The Hinge.

April 29, 2018

Years ago, when I began doing puppetry workshops, a teacher approached me holding a compact, geometric base of folded construction paper; its mouth opening and closing fit neatly over the hand. In my mind’s eye, here was a simple idea for keeping things simple; a foundational base upon which any paper puppet could be constructed; a single seed from which to grow an infinite array of playful art forms. At first The Hinge looked too simple. However, over several decades of classroom use, it has proven itself predictable, practical, durable, and limitless.

Manipulating the Paper Talker™ Hinge activates, exercises and enhances early hand, mind, and speech, in children; much like Origami does for children in Japan, but going far beyond early childhood.

 

Questions About Change

The Hinge caught my attention because I had been mulling over solutions to a question: If the medium of puppetry had such a profound effect on children of all ages, why didn’t more teachers pick it up? 

 

There were more questions: If kids’ minds held the power of imagination, why did their classrooms continue to starve and drain them of every bit of that power? If educators were so smart, why did so many continue along the same old broken path? If Play was so important, why was it all but banned? If Technology was viewed as the panacea for our outdated system of learning, why was its impact mostly addiction and distraction? If Play was like water or air--a crucial element of life--why were we denying young minds this life-giving element?

 

The Challenge of Change

The challenge to change education is deeply systemic and cultural. As a deep-rooted institutional byproduct of state and federal laws, how could new laws possibly transform the culture? The fact is, no law enacted from the top-down will ever penetrate the factory walls. If education has become owned and operated by powerful interests (and it has!), then we must create ways to effectively neutralize that consolidated power so we can reclaim and reconstitute our own learning culture.

 

How could we set into motion a process for growing a new culture free of control, authority, and exploitation, so that kids could learn to see, think, and produce for themselves while they were still young? The process would have to start with a germ encased by a seed. But let’s be real: a tiny seed in the palm of the hand barely captures our attention. Yet to a farmer or scientist focused on growing sustainable life, a seed is a planet-changing act of nature.

 

A Vision of Change

In The Hinge I saw a limitless array of paper designs and movement, and a wellspring of Play Energy embodied in puppet life-forms and concepts, each a handheld idea and a part of speech in a universal Play Language of symbols and ideas. The Hinge called upon the articulation of hand, art and play. It became, as I explored its possibilities, a portal into the biology and science of Play. In time, Play itself would take on a larger than life presence in my work with teachers as a principle of learning on which to build a learning culture. It became a pathway on which advocates and champions of play could share and journey, a birthright of the young to honor, and a vehicle for playfully journeying the world of ideas and transforming the learning culture. It is a sustainable energy source that generations of creative minds can grow, the world-enriching benefit of which they can actively protect.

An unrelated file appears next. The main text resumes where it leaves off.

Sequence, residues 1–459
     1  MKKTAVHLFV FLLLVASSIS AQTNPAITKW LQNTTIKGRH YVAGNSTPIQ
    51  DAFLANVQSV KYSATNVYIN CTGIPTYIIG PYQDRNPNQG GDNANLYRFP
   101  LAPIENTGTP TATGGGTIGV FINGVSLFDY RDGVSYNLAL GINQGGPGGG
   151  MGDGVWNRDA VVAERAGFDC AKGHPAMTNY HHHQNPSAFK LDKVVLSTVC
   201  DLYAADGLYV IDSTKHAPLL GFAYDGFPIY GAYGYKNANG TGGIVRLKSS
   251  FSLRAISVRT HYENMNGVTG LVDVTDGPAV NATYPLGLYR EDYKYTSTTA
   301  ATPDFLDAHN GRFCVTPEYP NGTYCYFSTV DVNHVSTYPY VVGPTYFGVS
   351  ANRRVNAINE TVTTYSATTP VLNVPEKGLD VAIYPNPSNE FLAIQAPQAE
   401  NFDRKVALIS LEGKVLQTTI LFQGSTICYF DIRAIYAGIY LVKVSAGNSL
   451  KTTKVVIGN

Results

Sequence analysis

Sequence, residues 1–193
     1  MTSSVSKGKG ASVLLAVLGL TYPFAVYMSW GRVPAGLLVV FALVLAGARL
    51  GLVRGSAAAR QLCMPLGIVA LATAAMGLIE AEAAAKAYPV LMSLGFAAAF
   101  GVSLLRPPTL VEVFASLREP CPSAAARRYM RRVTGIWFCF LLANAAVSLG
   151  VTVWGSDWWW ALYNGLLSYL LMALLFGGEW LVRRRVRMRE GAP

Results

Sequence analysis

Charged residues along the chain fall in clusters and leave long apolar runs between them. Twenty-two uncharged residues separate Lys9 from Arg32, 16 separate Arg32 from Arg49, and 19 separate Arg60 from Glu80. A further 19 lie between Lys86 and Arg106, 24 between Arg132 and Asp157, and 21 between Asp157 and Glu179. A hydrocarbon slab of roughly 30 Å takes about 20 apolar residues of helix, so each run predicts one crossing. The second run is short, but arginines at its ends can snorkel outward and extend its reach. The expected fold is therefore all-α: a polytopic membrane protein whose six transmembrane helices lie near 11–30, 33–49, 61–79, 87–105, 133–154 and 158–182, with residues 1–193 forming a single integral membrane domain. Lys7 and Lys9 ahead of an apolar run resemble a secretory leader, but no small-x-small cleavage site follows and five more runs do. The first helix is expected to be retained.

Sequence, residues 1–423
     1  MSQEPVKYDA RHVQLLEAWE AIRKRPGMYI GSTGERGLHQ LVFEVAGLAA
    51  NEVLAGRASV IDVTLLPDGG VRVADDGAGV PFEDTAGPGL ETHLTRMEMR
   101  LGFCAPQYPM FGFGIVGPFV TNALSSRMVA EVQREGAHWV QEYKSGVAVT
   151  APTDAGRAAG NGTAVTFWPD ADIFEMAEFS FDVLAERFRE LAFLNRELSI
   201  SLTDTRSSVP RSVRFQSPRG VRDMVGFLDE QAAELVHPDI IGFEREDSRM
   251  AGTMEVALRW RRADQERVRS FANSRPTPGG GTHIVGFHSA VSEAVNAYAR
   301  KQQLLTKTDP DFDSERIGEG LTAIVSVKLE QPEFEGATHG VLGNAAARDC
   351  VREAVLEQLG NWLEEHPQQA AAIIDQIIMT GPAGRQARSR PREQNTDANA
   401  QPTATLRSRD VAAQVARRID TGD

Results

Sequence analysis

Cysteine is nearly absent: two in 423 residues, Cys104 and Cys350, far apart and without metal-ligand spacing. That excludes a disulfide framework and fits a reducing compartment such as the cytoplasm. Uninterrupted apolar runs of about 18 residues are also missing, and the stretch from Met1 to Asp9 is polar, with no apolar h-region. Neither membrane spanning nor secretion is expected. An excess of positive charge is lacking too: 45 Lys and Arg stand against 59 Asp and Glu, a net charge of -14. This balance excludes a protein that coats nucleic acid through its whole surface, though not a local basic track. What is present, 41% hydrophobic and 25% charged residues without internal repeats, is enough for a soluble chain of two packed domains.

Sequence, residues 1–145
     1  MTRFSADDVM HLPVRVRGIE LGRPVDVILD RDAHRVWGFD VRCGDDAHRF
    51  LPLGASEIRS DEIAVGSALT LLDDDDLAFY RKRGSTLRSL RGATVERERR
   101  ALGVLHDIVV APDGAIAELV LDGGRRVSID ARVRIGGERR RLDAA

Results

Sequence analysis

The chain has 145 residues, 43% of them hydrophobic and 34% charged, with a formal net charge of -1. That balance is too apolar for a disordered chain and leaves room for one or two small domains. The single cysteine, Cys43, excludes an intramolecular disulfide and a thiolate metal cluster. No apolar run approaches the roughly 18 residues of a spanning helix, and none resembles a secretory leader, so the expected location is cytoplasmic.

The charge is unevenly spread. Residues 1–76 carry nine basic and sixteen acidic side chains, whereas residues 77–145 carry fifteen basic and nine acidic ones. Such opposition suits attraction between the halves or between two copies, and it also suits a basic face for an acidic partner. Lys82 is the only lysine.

This vision of The Hinge began as a basic building block in the construction of puppets. They were simple designs--innocuous, flimsy. In the casual opening and closing of the hand, at first The Hinge could have looked impractical for building and using puppets--and suitable ‘only for very young children’. But The Hinge surprised all those professional risk-takers who worked and played with it in their classrooms and proved itself as a Play Language housed in an economical paper device; one suitable for all ages, (even in college foreign language classrooms) with endless design potential. It is self-promoting, alive and eye-catching. In reality, The Hinge took on a life of its own.

 

Belief as Great as Kids’

I have come to believe that Paptertalkers™, paper puppets that move and talk on the paper Hinge, have the power to break technology’s stubborn grip on the learning culture. They wield this ability by infusing communication with powers far more human, creative, and productive in mind, language, and spirit than the looming addictive glitter reflected in the digital mirror. They spark energized, self-propelled communication. No script, theater, or expensive hand puppets are required. It’s simple: if you want dynamic and engaged minds animating and warming your classrooms, tap into our birthright of Play. It’s there for the taking.

 

I believe that a simple yet powerful art form based in play has the power to assume a world-changing role in education. The art form has the power to become a central organizing principle, media and methodology of learning and communication found in nature. I call it ‘communication currency’ because we don’t value teachers or children enough to do right by them--yet. But Play could change the way people view teachers and kids. And that’s an idea worth pursuing in anyone’s book!

 

- Jeff Peyton, Founder of Play Tectonics

 

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